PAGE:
Ducati.ms - The Ultimate Ducati Forum banner

1 - 13 of 13 Posts

·
Registered
Joined
·
37 Posts
Discussion Starter #1
So has anyone found a way of thoroughly washing the MS without causing rust on the rotors?.

There's that much salt spread on the uk roads, totally unnecessary imho as we've seen two frosts in a month where I live, however it becomes necessary to wash the bike regularly. End result, rusty brake discs. On a brand new bike.

In thirty + years of dozens of bikes, this is the first time I've had the problem. Also happens to be my first Ducati.

Best solution?.
Anyone?

Cheers
 

·
Registered
Joined
·
7,021 Posts
I don't know how crazy you are trying to be about it. Each time my Bonneville gets wet, either rain or wet roads, I spray the discs off with a spray bottle of dish soap/ water and dry them. Then comes the part that may make your hair stand on end : I wipe them with a towel with wd40, then wipe them again. If I don't do this I have to knock the rust off the rotors with oooo steel wool and wipe them so they don't glaze the pads.
 

·
Registered
Joined
·
37 Posts
Discussion Starter #3
I'm not quite that crazy.

Dish washing soap is normally packed full of salt.
Wd40 is a lubrication.

Or are you talking about wd40 brake cleaner
 

·
Registered
Joined
·
117 Posts
So has anyone found a way of thoroughly washing the MS without causing rust on the rotors?.

There's that much salt spread on the uk roads, totally unnecessary imho as we've seen two frosts in a month where I live, however it becomes necessary to wash the bike regularly. End result, rusty brake discs. On a brand new bike.

In thirty + years of dozens of bikes, this is the first time I've had the problem. Also happens to be my first Ducati.

Best solution?.
Anyone?

Cheers
This is nothing new. Every single vehicle that is equipped with cast iron rotors can have surface rust on the rotor surface, or any other uncoated surfaces for that matter. Every single car parked out in the rain will have surface rust on its rotors after sitting for a couple hours.

Solution: Ride more worry less.
 

·
Registered
Joined
·
7,021 Posts
No, you got it right, I guess I got your hair standing on end twice ! I'm only talking a few drops of about any kind of liquid soap that suits your fancy in a spray bottle of water. Actually what I'm using now is some general degreasing household stuff, I have no idea what's in it. I wipe it all off thoroughly. It's what I do, I have had zero issues. I think maybe you need someone else's solution, mine is not what you're looking for.
 

·
Registered
Joined
·
5,180 Posts
lift the front, fold a piece of fine sand paper over the rotor and give it a few spins. blow off with air. lower front. repeat with rear. ride.

or just ride.

people never notice the rotors of their cars/trucks after sitting for a week and drive on without a thought (or problem).
 

·
Registered
Joined
·
33 Posts
I leave my 15 Multi outside in the rain, covered of course; however, the brake rotors are always exposed to rain and likely salt mist. There is no way to prevent this as it is a function of the material. I would not recommend putting any WD40 or lubricant to prevent rusting out of fear of glazing the pads.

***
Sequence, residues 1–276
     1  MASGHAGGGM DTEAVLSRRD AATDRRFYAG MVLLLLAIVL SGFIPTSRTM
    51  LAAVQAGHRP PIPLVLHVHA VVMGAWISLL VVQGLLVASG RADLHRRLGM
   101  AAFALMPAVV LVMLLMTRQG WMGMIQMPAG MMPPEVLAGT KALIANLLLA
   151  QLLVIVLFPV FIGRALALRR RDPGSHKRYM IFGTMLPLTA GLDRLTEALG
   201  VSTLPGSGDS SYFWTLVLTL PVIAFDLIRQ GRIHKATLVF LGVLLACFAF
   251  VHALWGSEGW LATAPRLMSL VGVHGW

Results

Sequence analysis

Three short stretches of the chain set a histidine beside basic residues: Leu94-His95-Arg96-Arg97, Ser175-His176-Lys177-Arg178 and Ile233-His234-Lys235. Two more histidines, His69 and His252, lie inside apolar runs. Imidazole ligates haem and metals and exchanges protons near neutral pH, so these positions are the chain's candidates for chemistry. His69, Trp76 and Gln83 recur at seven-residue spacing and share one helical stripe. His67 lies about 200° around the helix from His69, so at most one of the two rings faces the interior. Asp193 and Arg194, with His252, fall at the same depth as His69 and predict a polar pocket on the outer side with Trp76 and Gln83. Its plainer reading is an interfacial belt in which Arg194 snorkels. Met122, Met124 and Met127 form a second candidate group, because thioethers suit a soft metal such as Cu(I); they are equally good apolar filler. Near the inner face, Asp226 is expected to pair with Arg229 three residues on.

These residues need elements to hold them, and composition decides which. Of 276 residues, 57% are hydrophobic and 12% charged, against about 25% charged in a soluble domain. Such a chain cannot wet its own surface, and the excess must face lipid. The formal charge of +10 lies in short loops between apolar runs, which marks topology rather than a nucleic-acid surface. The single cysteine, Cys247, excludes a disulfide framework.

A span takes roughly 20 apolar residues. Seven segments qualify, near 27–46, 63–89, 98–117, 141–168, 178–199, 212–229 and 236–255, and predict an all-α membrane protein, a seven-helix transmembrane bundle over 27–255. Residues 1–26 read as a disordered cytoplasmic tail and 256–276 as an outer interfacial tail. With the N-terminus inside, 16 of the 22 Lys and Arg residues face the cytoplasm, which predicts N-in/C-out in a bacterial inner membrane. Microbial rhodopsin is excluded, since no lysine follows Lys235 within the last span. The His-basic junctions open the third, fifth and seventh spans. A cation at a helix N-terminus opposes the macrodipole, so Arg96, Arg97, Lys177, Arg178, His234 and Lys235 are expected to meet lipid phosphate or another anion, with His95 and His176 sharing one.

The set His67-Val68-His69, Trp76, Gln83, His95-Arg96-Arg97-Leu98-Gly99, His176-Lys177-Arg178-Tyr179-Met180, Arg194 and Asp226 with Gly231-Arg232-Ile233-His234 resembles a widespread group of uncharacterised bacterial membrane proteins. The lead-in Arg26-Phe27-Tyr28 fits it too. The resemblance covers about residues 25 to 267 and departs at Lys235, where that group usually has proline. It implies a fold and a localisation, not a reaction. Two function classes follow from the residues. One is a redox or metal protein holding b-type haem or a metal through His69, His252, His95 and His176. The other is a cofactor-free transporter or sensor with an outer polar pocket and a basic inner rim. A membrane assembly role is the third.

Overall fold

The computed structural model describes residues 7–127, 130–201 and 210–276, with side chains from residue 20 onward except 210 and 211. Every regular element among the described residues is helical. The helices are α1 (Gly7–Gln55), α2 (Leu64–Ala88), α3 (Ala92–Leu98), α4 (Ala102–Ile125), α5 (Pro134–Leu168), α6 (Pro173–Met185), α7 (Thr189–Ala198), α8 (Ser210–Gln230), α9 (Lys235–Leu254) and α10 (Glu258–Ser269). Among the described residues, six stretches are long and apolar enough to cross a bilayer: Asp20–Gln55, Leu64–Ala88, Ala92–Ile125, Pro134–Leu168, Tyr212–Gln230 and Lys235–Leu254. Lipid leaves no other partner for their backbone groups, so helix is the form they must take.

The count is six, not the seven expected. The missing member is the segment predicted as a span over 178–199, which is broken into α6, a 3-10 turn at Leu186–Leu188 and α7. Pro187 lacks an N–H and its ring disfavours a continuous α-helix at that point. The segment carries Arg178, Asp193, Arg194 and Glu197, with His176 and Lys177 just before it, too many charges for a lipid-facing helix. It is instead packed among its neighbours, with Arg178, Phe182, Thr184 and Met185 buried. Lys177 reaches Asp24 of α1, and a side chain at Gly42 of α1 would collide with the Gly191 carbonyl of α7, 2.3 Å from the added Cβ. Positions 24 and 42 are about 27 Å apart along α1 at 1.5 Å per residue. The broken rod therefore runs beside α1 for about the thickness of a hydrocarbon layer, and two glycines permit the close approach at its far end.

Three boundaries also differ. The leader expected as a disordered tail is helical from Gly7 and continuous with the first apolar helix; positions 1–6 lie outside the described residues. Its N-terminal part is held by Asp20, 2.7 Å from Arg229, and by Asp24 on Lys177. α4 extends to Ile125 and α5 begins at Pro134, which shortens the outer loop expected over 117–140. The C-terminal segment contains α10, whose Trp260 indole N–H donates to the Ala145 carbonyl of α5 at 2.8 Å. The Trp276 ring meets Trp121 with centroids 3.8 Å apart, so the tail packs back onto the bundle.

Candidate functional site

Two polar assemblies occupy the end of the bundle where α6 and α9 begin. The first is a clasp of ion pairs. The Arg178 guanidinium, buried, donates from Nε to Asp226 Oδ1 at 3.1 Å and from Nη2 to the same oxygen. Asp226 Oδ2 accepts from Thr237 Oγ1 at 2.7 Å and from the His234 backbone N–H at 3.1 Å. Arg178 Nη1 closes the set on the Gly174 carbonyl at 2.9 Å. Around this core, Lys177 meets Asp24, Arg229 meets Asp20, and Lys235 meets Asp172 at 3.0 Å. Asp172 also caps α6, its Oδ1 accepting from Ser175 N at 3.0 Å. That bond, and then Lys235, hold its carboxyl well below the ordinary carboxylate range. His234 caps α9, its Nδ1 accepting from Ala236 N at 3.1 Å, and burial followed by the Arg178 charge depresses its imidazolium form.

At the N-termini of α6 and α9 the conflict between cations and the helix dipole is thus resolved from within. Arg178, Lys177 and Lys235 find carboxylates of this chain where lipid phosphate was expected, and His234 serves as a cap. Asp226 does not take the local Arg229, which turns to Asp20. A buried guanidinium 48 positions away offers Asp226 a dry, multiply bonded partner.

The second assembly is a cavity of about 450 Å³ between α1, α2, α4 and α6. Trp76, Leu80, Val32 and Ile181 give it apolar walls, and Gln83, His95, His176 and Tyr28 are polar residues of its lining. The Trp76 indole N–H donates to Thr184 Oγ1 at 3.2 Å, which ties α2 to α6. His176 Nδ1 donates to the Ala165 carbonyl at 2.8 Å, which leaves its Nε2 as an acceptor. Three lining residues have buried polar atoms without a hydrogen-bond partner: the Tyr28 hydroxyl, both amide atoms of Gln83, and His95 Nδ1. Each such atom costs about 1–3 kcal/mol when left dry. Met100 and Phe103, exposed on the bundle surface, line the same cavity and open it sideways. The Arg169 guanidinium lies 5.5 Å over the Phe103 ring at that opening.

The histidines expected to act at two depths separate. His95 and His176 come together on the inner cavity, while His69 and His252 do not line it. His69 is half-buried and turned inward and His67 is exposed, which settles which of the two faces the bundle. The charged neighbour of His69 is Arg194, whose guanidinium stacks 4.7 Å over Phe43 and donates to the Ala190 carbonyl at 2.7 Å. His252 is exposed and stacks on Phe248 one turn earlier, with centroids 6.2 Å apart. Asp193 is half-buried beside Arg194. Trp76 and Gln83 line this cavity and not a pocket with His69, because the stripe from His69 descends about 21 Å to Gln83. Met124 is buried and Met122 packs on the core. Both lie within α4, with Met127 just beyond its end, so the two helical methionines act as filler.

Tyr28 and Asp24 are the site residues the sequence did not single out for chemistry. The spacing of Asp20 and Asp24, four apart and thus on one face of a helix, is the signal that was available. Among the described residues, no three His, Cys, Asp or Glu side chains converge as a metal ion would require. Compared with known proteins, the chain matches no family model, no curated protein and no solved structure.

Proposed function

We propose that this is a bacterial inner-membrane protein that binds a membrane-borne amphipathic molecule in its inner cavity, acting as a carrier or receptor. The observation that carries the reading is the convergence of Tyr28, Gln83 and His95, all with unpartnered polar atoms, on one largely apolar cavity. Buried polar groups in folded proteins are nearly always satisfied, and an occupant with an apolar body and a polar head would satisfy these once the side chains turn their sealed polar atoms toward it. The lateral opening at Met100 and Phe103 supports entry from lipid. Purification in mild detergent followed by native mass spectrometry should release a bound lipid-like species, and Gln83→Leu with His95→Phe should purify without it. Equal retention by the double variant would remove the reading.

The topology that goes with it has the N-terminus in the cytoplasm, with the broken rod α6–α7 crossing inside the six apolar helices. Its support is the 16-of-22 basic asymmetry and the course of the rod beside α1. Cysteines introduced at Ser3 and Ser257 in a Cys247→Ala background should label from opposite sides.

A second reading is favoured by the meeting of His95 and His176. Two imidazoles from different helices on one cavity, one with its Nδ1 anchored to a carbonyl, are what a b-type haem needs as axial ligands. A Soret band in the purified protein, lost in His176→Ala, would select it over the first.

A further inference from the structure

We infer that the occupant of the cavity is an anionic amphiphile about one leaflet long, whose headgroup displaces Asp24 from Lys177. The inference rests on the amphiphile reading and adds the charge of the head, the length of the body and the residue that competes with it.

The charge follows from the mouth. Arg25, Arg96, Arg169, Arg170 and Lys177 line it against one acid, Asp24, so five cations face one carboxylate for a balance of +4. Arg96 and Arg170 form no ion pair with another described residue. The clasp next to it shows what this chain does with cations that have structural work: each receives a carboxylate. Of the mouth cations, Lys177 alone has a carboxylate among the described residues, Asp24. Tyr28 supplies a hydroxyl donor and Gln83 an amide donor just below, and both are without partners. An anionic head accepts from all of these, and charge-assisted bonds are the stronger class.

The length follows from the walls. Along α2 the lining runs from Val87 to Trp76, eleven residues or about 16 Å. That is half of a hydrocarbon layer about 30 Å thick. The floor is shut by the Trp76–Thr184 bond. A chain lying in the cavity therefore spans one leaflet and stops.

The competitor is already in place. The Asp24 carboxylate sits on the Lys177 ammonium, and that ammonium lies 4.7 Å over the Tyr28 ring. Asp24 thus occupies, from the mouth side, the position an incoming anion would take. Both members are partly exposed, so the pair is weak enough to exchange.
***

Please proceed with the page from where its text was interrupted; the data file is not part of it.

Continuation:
Best solution is to lightly squeeze the brake to clean the rotor surface or buy new aftermarket rotors of a different material. I suspect the current Ducati rotors are an alloyed steel. I think some of the others use a martensitic stainless steel, most likely 410 with higher chromium (Cr) content, which is responsible for making steel "Stainless".
 

·
Premium Member
Joined
·
12,281 Posts
Use a leaf blower to dry the rotors after a wash or a wet ride...

And if I had rust I would just apply the brakes slightly front and rear to scrub them a bit before needing to rely on them.

Nice to have a pretty bike , Look at some vehicles that never clean the rims and they are black with rust grime and brake dust ,

I like to use the brakes aggressively and heat things up to scrub the offending gunk off the rotors and pads.
 

·
Registered
Joined
·
665 Posts
Not sure if serious about getting WD-40 anywhere near my brakes. Seems like that stuff will contaminate your pads the moment it comes into contact with them.
 

·
Registered
Joined
·
1,386 Posts
This is nothing new. Every single vehicle that is equipped with cast iron rotors can have surface rust on the rotor surface, or any other uncoated surfaces for that matter. Every single car parked out in the rain will have surface rust on its rotors after sitting for a couple hours.

Solution: Ride more worry less.
:yeah: I live in California, where it hardly ever rains, and I have bits of rust on my brake rotors from the little bit of wet riding I've done. The brake pads will clear any rust on the important bits. The rest will just get cleaned when I wash my bike every other month or so.

I wouldn't spray WD40 anywhere near my brakes. That is a really bad idea.
 

·
Registered
Joined
·
26 Posts
Where i live, we do not have have snow, so i do not have the issue with salt, but what i do from time to time is that i use a brake and parts cleaner to clean the rotor. Works well for me.
 

·
Registered
Joined
·
79 Posts
I think you worry too much. Even at places where salt is not used that often, you will get rust on your rotors after a rainy day. It's not a matter of quality. And the rust on your rotors is most probably material from the pads, not from the rotors themselves. It will be wiped away after you brake the first time. Having said that, sheltering the bike from rain as much as possible is always a good idea. Not so much for the rotors but for the rest of the bike (switches, chain, crevices in the motor where water can collect and leave dusty deposits etc.)
 
1 - 13 of 13 Posts
Top